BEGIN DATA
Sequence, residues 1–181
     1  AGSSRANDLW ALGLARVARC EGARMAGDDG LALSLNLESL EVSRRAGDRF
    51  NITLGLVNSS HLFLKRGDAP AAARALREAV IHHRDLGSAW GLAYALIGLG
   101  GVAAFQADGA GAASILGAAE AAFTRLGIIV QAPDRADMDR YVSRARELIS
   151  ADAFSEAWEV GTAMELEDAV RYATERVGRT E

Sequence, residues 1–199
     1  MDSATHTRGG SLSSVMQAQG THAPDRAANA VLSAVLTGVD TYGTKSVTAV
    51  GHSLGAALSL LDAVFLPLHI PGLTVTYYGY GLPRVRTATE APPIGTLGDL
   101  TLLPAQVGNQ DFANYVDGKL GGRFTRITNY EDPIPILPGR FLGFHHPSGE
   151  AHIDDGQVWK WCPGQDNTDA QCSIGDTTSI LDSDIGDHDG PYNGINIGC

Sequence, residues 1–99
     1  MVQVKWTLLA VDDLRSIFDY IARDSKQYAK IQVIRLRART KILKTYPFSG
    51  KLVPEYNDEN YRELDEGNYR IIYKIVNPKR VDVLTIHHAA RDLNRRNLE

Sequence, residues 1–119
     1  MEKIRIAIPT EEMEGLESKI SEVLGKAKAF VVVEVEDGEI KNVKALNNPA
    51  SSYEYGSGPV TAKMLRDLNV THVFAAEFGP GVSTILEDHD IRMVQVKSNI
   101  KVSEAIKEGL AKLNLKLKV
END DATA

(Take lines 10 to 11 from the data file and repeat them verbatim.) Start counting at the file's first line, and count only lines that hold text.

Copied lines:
   151  AHIDDGQVWK WCPGQDNTDA QCSIGDTTSI LDSDIGDHDG PYNGINIGC

Sequence, residues 1–99